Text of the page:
Interactions of Oral Bacteria with Host Tissues and Allochthonous Microorganisms

  • Raja Moman

Student thesis: Phd


THE UNIVERSITY OF MANCHESTER ABSTRACT OF THESIS submitted by Raja Moftah Moman for the Degree of Doctor of Philosophy entitled Interactions of Oral Bacteria with Host Tissues and Allochthonous Microorganism. 15th June 2017. The oral microbiome is a taxonomically diverse microbial community situated principally upon the hard and soft tissue surfaces of the mouth. It represents a readily accessible biofilm community for the investigation of bacteria-bacteria and bacteria-host interactions, which are responsible for some of the main features of oral biofilms in health and disease (colonisation resistance, antimicrobial tolerance, metabolic cross feeding, and other cooperative phenomena). In the oral cavity these relate specifically to cariogenesis and interactions with soft tissue that are responsible for periodontal disease. This doctoral thesis presents a series of investigations that consider processes for which growth in the biofilm phenotype or bacterial-bacteria or bacteria-host cell interaction are responsible. Four distinct methods were used to assess the effect of the biofilm phenotype on susceptibility of eight distinct oral hygiene actives with various modes of action. Bisphenol microbicide triclosan and the bis-biguanide chlorhexidine were most effective. All were markedly more effective against bacteria grown planktonically than the same organisms grown as biofilms illustrating antimicrobial tolerance, an important biofilm characteristic. In studies of interactions between oral isolates, bacteria previously isolated from the saliva and different oral sites of the oral cavity were tested using a modified cross streak method, in all possible pair-wise combinations. The frequency and strength of physical interactions (coaggregation) between these isolates was also assessed. The incidence of positive interactions was higher than the incidence of negative interactions (15.21% vs. 1.04%) and the incidence of coaggregation in bacteria isolated from saliva was significantly lower than for bacteria isolated from oral biofilms. Together, these data suggest that bacterial cooperation plays a greater role in oral biofilm development and maintenance than competition. With respect to putatively beneficial interactions between bacteria and host, the potential of the candidate dental probiotics L. rhamnosus GG, L. reuteri and S. salivarius to protect host tissues from damage by three Gram negative periodontal pathogens were investigated using human oral cells culture and the (invertebrate) G. mellonella model system. All probiotics inhibited the growth of the test pathogens when applied simultaneously, and significantly decreased toxicity (p P. gingivalis > A. actinomycetemcomitans in two distinct cell lines. Whilst all probiotics conferred protection against the periodontal pathogens, L. rhamnosus GG, had the greatest protective effect, regardless of probiotic or pathogen used, followed by L. reuteri. S. salivarius was the least effective. Prophylactic treatment with probiotics conferred greater protection than treatment concomitant with pathogen challenge. The data presented in this doctoral thesis demonstrate the functional significance of interactions between taxonomically distinct bacteria and between bacteria and host tissues. Such interactions may determine the outcome of exposure to antimicrobials and are, particularly significant in health and through further research, may be harnessed for prevention and treatment of oral disease.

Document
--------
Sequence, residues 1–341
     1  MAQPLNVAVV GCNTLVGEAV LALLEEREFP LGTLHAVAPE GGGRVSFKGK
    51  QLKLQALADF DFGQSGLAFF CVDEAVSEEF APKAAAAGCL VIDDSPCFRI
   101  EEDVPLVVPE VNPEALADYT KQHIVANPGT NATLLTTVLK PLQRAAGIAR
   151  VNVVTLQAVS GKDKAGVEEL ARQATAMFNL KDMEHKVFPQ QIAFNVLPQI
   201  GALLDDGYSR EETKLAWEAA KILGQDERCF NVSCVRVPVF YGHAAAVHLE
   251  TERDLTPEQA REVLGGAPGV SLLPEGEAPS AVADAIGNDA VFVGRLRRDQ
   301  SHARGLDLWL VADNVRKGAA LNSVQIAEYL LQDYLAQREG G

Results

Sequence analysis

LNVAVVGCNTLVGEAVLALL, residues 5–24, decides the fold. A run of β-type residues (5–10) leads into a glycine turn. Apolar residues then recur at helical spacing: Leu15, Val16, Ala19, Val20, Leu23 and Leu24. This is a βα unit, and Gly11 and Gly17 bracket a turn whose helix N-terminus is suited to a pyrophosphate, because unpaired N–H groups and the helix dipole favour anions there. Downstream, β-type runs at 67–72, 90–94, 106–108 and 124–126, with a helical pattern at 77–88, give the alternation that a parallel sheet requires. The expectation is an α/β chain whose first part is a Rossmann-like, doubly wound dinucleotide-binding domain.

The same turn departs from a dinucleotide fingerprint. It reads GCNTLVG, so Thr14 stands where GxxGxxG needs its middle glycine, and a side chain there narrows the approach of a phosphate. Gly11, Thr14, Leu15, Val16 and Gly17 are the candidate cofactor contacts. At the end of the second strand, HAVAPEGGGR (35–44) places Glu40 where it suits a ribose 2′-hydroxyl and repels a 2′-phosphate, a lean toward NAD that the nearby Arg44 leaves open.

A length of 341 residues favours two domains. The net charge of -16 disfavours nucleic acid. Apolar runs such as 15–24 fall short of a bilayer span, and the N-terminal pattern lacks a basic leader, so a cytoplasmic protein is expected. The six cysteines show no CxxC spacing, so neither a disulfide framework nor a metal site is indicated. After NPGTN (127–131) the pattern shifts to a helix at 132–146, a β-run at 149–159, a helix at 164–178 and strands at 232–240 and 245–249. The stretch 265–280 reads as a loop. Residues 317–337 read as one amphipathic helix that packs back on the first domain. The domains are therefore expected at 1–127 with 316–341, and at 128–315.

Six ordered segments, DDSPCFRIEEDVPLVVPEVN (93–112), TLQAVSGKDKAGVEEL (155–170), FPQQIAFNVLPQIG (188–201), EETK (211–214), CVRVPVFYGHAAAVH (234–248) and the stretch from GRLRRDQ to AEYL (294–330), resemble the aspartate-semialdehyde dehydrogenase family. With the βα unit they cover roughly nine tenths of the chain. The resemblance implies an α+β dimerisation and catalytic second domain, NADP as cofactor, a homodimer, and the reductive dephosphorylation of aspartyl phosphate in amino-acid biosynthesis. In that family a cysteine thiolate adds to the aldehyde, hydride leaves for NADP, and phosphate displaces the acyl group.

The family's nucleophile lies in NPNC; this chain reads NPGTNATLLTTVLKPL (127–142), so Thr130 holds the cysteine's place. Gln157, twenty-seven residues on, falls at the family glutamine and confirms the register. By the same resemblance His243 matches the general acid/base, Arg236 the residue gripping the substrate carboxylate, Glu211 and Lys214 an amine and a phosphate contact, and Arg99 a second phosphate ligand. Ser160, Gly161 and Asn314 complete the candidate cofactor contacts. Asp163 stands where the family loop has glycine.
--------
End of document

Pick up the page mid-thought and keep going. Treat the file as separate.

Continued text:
Date of Award31 Dec 2017
Original languageEnglish
Awarding Institution
  • The University of Manchester
SupervisorCatherine O'Neill (Supervisor)


  • Probiotics
  • Oral pathogens
  • Bacterial interactions
  • Oral host tissues

Cite this